19 Page 19 the USCIS systems lifecycle methodology process, which is supplemented with information from DHS and USCIS security policies and procedures as well as the National Institute of Standards Special Procedures related to computer security and FISMA compliance. 9.3 What design choices were made to enhance privacy? To protect against unauthorized disclosure, the system is designed to support discreet user roles and provide three levels of access to digitized A-Files general user, records administrator, and system administrator. Access control rules are based on the user role, i.e., need to know of the person accessing the files. These security requirements form the basis for the system security plan that is developed in accordance with the USCIS systems lifecycle methodology. The system records and prepares an audit trail for all transactions that create, update, request, or delete information from the system. The audit trail, which includes the date, time, and user for the each transaction, will be reviewed regularly. Conclusion The IDDMP provides a valuable service to USCIS, DHS, and its external data sharing partners by providing electronic access to A-Files which were previously only available in hardcopy. While there are privacy risks associated with digitizing and providing electronic access to A-Files, these risks are mitigated by technical safeguards and supporting policies and procedures. These mechanisms include: system design and controls; DHS policies and security programs; training; and clearly articulated data sharing guidelines and operating procedures. Responsible Officials Elizabeth Gaffin USCIS, Privacy Officer Department of Homeland Security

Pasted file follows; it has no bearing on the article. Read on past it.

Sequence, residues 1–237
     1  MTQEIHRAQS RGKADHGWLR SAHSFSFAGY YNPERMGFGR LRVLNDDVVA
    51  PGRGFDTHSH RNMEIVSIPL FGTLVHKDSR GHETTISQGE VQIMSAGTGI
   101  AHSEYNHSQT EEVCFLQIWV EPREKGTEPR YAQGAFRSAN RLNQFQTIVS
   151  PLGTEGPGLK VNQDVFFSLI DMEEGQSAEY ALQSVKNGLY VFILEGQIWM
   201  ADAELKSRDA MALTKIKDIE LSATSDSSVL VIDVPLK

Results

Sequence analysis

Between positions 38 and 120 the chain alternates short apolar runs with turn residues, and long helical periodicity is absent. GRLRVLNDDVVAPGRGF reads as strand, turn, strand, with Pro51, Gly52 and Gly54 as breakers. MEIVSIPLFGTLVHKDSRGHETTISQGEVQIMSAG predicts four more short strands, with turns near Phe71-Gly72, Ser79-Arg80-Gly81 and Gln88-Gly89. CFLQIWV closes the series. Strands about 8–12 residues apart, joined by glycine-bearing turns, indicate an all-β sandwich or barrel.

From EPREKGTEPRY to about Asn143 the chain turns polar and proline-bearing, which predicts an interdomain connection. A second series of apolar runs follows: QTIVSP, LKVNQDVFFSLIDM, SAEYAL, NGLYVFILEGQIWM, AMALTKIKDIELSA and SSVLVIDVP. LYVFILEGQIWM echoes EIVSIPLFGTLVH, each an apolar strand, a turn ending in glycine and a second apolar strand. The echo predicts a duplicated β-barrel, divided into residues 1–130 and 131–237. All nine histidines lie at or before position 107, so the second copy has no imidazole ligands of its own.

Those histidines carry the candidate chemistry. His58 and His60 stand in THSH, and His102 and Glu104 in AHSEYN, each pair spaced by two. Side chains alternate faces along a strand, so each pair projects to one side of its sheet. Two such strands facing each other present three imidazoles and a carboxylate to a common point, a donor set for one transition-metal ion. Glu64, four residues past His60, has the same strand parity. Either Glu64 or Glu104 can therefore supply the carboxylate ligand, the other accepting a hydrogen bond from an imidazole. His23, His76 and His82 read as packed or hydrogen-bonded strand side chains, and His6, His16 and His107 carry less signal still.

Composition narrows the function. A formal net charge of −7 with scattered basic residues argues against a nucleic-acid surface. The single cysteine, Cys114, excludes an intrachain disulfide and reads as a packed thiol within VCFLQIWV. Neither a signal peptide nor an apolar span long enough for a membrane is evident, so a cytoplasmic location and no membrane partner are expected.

20 Page 20 Approval Signature Page Hugo Teufel III Chief Privacy Officer Department of Homeland Security